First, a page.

(UPI) -- The tar pits in Los Angeles stink. They also ooze and glop and -- with impressive frequency -- turn up really cool glimpses into the planet's past.
This week, the La Brea Tar Pits celebrated a century of digging up Ice Age fossils, ranging from the tiny wings of beetles to a smilodon (saber-toothed cat) and even a near-complete Colombian mammoth named Zed. On Monday, the Page Museum was open to visitors for free.
In 1913, George Allan Hancock allowed Los Angeles County to excavate on his land, a Mexican land grant called Rancho La Brea, now located along LA's Miracle Mile on Wilshire Boulevard. Hancock recognized the importance of the asphalt deposits, which are from 10,000 to 40,000 years old, and in 1924, he donated 23 acres of the ranch to the county for preservation and display.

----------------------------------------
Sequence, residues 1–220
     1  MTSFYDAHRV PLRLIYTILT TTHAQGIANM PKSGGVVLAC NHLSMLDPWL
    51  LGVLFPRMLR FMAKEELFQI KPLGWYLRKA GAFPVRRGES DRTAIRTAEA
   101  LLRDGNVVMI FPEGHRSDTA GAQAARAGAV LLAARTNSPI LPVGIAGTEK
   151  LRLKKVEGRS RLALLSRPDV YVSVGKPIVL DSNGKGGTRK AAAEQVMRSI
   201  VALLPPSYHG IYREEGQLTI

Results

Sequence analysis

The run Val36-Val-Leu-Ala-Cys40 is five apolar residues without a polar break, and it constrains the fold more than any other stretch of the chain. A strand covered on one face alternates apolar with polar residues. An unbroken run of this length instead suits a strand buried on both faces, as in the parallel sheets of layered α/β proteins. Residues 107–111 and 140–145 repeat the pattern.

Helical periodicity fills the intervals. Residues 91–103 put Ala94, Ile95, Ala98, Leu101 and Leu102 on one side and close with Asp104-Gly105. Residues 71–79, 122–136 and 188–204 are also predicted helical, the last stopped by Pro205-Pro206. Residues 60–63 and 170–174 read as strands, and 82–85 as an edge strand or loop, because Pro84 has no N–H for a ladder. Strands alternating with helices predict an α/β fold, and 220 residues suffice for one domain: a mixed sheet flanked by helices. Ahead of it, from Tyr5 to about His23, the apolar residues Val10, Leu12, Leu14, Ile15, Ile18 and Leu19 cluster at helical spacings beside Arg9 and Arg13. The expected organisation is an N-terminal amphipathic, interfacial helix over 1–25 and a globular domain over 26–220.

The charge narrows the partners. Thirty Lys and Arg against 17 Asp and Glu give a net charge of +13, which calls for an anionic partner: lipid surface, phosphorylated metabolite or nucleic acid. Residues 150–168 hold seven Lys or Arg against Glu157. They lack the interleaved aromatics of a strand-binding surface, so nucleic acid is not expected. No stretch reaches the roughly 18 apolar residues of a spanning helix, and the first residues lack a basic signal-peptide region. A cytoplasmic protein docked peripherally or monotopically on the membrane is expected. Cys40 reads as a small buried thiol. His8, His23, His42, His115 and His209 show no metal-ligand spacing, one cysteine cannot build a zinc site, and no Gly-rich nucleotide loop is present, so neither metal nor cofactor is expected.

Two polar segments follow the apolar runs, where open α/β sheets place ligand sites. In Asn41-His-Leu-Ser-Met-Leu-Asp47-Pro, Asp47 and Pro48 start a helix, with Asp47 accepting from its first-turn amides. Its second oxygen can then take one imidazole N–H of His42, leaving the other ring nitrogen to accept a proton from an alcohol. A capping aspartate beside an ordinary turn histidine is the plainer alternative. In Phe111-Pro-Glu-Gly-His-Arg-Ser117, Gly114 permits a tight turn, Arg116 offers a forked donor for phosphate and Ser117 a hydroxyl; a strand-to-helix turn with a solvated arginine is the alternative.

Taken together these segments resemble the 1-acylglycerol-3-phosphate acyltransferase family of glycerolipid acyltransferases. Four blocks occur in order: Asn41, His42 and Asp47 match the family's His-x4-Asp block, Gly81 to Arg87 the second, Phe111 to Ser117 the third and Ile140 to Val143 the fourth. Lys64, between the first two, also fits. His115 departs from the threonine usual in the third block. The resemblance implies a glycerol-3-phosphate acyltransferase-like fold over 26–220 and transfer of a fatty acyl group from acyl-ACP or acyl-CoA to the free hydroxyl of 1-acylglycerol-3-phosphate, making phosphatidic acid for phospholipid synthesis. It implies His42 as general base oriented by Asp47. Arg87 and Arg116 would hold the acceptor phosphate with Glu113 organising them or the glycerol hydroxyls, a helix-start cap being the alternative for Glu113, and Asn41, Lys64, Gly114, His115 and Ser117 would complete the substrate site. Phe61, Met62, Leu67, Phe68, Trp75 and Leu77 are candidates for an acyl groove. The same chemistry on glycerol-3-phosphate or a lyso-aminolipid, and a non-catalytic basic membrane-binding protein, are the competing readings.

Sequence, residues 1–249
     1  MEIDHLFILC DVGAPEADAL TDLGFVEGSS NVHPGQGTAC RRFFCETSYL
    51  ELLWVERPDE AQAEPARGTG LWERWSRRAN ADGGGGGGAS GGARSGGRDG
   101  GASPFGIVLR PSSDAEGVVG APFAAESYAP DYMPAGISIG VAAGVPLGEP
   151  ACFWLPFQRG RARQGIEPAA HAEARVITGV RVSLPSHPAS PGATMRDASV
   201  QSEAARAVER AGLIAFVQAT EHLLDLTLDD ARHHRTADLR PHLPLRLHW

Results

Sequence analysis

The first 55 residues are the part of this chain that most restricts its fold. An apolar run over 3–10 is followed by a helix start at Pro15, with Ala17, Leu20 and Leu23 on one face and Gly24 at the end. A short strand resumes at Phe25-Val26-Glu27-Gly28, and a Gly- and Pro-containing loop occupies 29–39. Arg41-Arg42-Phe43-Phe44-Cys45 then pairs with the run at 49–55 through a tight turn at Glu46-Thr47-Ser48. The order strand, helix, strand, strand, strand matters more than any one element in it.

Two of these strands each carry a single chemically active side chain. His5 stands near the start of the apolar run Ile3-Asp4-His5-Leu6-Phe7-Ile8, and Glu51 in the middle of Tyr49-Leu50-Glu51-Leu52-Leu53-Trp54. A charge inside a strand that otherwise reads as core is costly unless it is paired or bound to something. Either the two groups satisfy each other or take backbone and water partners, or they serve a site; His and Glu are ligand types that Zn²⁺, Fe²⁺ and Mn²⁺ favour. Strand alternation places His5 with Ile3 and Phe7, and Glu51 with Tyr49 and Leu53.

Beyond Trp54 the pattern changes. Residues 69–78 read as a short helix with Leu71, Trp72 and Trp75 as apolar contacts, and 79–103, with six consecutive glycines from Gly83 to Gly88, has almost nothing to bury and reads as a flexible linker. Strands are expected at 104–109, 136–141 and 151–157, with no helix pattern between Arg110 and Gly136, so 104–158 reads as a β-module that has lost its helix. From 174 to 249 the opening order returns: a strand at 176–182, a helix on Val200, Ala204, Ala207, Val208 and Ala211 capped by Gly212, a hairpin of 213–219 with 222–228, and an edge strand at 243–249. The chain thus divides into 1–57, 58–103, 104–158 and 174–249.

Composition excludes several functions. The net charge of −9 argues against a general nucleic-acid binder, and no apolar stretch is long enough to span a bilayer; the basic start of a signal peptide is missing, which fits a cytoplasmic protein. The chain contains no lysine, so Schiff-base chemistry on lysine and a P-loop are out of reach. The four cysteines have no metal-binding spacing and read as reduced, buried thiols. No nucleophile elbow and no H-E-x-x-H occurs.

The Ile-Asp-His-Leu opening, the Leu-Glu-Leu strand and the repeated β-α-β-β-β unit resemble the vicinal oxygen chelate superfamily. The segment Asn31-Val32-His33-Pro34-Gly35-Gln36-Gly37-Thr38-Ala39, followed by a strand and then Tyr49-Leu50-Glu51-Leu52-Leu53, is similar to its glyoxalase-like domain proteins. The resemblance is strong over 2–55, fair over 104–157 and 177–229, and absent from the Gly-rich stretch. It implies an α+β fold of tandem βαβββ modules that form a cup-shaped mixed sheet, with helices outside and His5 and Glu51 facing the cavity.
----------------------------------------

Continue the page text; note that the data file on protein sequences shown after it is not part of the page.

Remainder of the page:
Builders broke ground on the foundation for the Page Museum, where the La Brea fossils are on display, in 1975, digging up an enormous collection of specimens in the process. In 2006, in while excavating for an underground parking garage, diggers found 16 more asphalt deposits containing more fossils, including Zed.
While neighbors to the pits sometimes have complaints -- on hot days, the whole area smells like a resurfaced road, and the ooze of tar pays no mind to the modern constraints of property zoning -- discoveries from the tar pits have turned downtown LA into a window into the past.